The Economic Institutions of the Agri-Food Sector
Track Coordinators: Liesbeth Dries and Stefano Pascucci (Wageningen University), Kostas Karantininis (University of Copenhagen and the Swedish University of Agricultural Sciences), Annie Royer (Laval University)
In recent years the agri-food sector has been challenged by a dramatic increase in risk and uncertainty. Reasons for this can be found in high price volatility, policy reforms, food safety concerns, and social and economic turbulence. As a response to these challenges agri-food players are re-orienting their core business activities and re-conceptualizing their relationships within supply chains and rural communities. As a result, a new set of institutions, organizations and governance structures is emerging. As these institutional innovations in the agri-food sector are still under-researched, there is a need for more in-depth theoretical investigations as well as for innovative research methodologies.
A first topic that can be covered in this track is related to institutional changes in many European agricultural sectors . For example, in the dairy sector, as a direct result of recent crises, the EU commission has published proposals to stabilize dairy markets. These proposals include the encouragement of formal contracts in the sector, the stimulation of producer organizations to improve farmers’ bargaining power and the set-up of inter-branch organizations that involve players from different supply chain segments to improve information flows and research efforts and promote best practices (EC, 2010). While contracts and producer organizations are not novel in the dairy sector, the degree to which member states make these institutions compulsory may have important repercussions for the dynamics of relationships in the sector. A similar institutional framework has been discussed also for other sectors including the pork and fruit and vegetable sector.
A second topic that can be covered in the special issue refers to the analysis of emerging organizations and governance structures in the agri-food sector. As pointed out by Williamson, O. E. (2003, p.23) and Masten (2000) the agricultural and food sectors are traditionally providing extraordinary examples of “puzzling phenomena” that often can challenge mainstream theories. Therefore a deeper and broader analysis of emerging governance structures within agri-food transactions can lead to new relevant theoretical achievements as well as “provide a rich and largely unexplored area for application and refinement of transaction-cost theory” (Masten, 2000; p.190).
Examples in this sense are the increasing number of consumer-producer networks and cooperatives (i.e. Farmers Markets and Community Supported Agriculture) that are re-organizing short supply chains mainly at local level and that heavily rely on issues such as trust, fairness and social capital in general (Toler et al., 2009; Pascucci, 2010). Also at a global level new forms of vertical coordination, partnerships and alliances are emerging between different and heterogeneous stakeholders. These partnerships increasingly involve agri-food companies (at different levels of the supply chain), NGOs, universities, government agencies, international organizations, competitors and/or investors - to share information and specific assets and to realize common investments (Dentoni and Peterson, 2011).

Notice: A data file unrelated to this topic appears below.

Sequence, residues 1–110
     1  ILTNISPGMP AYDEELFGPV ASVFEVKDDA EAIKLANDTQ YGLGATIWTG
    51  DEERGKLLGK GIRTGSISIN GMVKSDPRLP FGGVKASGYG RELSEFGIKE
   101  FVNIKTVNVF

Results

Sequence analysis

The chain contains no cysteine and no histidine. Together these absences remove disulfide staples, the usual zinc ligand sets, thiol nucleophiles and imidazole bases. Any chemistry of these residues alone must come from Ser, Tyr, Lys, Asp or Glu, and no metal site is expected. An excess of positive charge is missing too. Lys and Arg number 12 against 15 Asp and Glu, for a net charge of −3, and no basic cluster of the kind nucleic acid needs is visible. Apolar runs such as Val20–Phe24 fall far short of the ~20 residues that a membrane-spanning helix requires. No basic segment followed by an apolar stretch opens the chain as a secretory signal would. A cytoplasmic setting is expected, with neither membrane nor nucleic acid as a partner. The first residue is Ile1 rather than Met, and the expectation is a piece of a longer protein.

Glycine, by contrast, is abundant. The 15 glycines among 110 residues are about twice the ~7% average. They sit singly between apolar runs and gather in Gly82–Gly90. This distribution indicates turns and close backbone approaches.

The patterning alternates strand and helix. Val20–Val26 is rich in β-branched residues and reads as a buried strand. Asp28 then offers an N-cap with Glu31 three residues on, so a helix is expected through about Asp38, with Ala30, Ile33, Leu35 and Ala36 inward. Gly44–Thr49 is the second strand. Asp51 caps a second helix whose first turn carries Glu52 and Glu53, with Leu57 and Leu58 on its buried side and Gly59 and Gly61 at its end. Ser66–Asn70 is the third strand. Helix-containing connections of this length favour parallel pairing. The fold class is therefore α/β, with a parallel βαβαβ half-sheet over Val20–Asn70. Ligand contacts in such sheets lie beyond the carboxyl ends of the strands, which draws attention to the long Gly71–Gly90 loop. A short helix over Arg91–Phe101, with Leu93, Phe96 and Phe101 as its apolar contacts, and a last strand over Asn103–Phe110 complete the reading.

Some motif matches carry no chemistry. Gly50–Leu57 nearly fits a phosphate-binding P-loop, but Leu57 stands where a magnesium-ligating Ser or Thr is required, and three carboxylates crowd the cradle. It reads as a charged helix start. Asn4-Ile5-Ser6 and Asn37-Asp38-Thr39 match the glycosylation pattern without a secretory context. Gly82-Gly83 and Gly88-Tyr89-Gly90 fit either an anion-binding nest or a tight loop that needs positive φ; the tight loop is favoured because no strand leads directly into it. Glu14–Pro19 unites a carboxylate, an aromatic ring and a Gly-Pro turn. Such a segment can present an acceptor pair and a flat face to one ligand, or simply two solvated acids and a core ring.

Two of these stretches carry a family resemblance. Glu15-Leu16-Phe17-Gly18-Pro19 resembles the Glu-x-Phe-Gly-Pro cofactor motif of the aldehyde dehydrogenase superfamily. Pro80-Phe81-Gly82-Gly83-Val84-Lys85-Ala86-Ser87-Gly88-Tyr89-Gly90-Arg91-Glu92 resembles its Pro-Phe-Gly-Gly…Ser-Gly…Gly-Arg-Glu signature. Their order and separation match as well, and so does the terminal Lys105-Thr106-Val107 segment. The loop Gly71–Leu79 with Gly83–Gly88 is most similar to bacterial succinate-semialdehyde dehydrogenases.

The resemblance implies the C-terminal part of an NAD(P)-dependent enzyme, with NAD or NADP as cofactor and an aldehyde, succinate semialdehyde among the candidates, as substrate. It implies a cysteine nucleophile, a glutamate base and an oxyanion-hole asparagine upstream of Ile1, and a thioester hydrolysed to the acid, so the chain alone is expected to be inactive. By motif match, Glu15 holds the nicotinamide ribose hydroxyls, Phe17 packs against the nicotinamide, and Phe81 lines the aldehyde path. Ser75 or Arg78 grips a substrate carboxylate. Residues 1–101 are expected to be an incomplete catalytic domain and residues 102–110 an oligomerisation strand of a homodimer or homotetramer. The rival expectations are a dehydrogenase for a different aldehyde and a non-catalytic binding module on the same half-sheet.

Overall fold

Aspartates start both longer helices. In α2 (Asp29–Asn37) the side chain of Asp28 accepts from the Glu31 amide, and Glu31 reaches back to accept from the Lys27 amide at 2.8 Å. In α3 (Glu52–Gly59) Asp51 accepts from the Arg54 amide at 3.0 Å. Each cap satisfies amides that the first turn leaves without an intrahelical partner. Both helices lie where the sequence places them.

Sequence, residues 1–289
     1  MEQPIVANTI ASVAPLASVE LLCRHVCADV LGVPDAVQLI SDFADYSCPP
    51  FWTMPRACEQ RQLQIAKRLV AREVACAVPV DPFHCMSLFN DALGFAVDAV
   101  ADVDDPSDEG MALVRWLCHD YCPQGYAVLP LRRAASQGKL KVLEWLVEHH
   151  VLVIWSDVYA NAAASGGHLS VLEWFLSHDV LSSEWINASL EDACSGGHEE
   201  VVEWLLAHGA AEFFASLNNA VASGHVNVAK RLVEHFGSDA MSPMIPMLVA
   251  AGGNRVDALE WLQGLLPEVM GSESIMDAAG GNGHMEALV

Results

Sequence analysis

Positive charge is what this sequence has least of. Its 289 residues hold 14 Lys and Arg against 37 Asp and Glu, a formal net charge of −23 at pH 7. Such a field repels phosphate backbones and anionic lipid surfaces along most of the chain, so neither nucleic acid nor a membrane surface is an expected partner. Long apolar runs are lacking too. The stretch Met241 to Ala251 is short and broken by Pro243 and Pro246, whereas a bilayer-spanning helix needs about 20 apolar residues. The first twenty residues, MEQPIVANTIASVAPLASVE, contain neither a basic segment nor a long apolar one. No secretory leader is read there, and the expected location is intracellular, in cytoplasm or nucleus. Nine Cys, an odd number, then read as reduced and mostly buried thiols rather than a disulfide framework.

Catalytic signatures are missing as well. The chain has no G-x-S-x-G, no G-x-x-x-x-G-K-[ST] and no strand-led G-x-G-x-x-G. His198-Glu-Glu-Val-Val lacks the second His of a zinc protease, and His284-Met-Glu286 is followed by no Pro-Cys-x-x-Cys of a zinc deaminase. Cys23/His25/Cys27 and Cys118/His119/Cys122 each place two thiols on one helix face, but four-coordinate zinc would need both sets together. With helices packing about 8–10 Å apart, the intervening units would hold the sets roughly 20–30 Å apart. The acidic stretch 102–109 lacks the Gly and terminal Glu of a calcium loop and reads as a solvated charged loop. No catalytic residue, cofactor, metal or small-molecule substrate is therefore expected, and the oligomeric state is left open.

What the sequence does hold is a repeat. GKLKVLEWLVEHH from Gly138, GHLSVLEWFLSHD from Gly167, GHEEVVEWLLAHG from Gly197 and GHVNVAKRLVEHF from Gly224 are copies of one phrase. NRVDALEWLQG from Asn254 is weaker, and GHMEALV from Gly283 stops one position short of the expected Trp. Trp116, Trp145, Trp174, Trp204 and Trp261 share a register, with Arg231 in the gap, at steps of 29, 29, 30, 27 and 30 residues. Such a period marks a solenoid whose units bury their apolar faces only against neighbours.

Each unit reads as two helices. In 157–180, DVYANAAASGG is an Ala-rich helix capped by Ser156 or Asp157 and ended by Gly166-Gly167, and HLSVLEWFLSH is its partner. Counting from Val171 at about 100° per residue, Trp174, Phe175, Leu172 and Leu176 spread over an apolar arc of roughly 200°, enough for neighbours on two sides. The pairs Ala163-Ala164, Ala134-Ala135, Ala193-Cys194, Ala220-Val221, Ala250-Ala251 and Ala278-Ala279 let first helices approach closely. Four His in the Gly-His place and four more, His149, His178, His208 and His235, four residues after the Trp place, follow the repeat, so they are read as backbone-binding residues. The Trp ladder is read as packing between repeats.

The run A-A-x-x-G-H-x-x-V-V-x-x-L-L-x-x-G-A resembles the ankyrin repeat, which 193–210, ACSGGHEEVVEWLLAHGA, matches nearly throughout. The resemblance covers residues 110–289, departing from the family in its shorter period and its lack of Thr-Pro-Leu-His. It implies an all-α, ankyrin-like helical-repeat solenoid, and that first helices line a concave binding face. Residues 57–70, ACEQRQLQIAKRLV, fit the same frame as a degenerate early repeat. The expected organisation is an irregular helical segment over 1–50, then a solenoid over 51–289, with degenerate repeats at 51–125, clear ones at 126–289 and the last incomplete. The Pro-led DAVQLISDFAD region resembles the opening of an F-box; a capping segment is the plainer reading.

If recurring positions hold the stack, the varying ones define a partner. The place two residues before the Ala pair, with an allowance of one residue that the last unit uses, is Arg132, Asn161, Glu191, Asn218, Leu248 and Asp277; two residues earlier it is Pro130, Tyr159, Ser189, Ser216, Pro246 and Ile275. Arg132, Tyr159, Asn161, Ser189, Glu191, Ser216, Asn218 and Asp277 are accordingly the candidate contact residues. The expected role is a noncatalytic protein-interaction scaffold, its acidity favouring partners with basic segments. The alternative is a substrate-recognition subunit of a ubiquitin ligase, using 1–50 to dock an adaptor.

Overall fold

Therefore the focus of this track is to further develop the theory of new institutional economics through empirical applications that are relevant for food supply chains and rural areas.
The institutional dynamics in both developed and developing economies are considered as well as rural activities. The track will primarily focus on contributions that will adopt a new institutional economics perspective and (out of a vast literature) will highlight some of the most important branches of this literature, such as transaction cost economics, agency theory, property rights, relational contracting and networks.
Proposed ERAE special issue
A selection of the contributed and invited papers will be proposed for publication in a special issue of a scientific journal after an external double blind review process. The European Review of Agricultural Economics (ERAE) has been approached as the first option.
Dentoni, D., Peterson, H.C., 2011. Multi-Stakeholder Sustainability Alliances: A Signalling Theory Approach. International Food and Agribusiness Management Review (In Press).
Masten, S. E. (2000). Transaction-Cost Economics and the Organization of Agricultural Transactions. In M. R. Baye (ed.), Advances in Applied Microeconomics - Industrial Organization.
Pascucci, S., 2010. Governance Structure, Perception and Innovation in Credence Food Transactions: The Role of Food Community Networks. International Journal on Food System Dynamics, 1 (3), 224 – 236.
Toler, S.,B. C. Briggeman, J. L. Lusk, and D. C. Adams. 2009. Fairness, Farmers Markets, and Local Production. American Journalof Agricultural Economics 91(5): 1272–1278.
Williamson, O. E. (2003). Transaction cost economics and agriculture - An excursion. In G. V. Huylenbroeck and G. Durant (eds.), Multifunctionality Agriculture : A New Paradigm for European Agriculture and Rural Development. Ashgate Pub Ltd.
Deadline for Full Paper Submission: February 20th, 2012.